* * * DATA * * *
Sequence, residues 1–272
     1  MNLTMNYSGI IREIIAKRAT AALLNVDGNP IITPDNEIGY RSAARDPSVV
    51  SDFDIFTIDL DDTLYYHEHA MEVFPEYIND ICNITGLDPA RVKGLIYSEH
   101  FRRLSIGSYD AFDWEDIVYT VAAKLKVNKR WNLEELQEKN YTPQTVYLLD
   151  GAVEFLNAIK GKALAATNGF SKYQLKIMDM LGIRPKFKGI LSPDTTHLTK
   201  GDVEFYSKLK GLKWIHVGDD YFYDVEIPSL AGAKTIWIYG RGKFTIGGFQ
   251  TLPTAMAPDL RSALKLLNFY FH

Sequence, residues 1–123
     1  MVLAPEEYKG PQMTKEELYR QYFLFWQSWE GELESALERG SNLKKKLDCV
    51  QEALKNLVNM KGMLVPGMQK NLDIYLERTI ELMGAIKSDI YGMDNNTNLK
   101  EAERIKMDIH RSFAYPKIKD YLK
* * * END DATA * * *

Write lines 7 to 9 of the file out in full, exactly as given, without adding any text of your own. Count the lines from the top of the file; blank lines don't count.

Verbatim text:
   251  TLPTAMAPDL RSALKLLNFY FH

Sequence, residues 1–123
     1  MVLAPEEYKG PQMTKEELYR QYFLFWQSWE GELESALERG SNLKKKLDCV